Perry said the new ownership group, called Max Fun LLC, will invest significantly in the stadium, the staff and marketing to broaden the customer base and improve the team’s public image.

“We’re taking over an operation that has not performed well as a business consistently in the last several years,” he said. “That’s not always easy.”

Commissioners voted 9-1 to approve the deal with the new owners.

In the agreement, Max Fun committed to spend at least $500,000 on stadium improvements. The local government also committed to spending at least $1 million from Kansas sales tax revenue, or STAR, bonds. Officials said they would work through the specifics of both those provisions over the next year.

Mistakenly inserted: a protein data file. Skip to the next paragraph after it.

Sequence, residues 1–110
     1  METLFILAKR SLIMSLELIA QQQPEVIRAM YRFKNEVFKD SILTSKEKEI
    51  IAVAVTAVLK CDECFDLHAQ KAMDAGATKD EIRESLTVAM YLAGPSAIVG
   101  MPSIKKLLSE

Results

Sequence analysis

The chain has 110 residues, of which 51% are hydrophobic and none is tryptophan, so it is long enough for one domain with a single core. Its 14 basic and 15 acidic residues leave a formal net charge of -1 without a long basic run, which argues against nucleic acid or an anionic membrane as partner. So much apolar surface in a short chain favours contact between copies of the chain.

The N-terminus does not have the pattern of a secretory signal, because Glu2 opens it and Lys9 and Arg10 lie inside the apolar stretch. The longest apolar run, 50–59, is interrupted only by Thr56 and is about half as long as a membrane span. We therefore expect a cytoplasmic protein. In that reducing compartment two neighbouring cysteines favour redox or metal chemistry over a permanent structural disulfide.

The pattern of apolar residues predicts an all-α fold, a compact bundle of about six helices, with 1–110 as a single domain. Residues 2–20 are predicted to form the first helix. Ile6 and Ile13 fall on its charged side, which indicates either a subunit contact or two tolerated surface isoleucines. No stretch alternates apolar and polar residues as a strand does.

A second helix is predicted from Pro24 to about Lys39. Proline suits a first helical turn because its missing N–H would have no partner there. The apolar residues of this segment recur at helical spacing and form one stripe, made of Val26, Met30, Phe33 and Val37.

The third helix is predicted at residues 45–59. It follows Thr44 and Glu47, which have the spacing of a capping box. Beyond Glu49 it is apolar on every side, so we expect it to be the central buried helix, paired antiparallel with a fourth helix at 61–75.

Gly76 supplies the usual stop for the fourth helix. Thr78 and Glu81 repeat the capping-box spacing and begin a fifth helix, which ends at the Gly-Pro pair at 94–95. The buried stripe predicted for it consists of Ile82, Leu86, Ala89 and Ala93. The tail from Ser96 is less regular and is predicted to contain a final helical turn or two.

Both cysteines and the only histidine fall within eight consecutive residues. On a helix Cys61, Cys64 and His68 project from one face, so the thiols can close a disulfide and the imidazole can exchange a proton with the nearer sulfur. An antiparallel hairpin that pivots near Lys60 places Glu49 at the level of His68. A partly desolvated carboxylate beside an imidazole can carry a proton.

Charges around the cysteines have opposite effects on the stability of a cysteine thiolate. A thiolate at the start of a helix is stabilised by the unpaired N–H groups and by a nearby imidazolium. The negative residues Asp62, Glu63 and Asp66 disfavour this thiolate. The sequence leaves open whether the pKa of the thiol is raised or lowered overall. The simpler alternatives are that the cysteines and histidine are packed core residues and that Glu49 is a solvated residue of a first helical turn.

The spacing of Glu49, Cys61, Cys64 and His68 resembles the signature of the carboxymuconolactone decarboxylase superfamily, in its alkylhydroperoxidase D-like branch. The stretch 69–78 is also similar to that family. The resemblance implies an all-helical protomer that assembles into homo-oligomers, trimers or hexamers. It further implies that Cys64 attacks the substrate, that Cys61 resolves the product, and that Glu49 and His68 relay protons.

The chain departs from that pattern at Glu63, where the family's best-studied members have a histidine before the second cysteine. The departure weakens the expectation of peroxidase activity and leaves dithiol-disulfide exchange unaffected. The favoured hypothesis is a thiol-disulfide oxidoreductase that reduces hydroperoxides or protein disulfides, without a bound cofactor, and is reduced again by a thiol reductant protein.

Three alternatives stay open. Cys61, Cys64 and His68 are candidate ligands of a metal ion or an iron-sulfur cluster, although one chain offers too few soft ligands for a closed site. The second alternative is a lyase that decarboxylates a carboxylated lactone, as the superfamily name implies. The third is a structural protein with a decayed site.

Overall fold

Under the agreement, the government and the company will split the cost of utilities for the first year. Afterwards, Max Fun is responsible for those bills. The new owner would not be obligated to write a monthly rent check, but is responsible for paying property taxes on an adjacent parking lot and covering all operating costs of the stadium.

Only Commissioner Ann Brandau-Murguia voted against the measure. She lauded plans from the prospective new owners. But she said the government should have opened up the redevelopment opportunity to a wider pool of interested parties.

“I am not voting no on your proposal,” she said. “I am voting no on the process.”

Commissioner James Walters, though, said the county had little choice in the matter: “We are where we are,” he said.

He said he was “thrilled” that new owners planned to invest in the community.

“I think it has turned out well for us,” he said.

Several KCK residents spoke out against the plans, saying the new owners should have to pay their own way without taxpayer support.

The government previously committed about $8 million to buying and improving the baseball stadium, which was privately built in 2003. It’s also offered multiple bailouts of the team and is owed hundreds of thousands of dollars in overdue bills.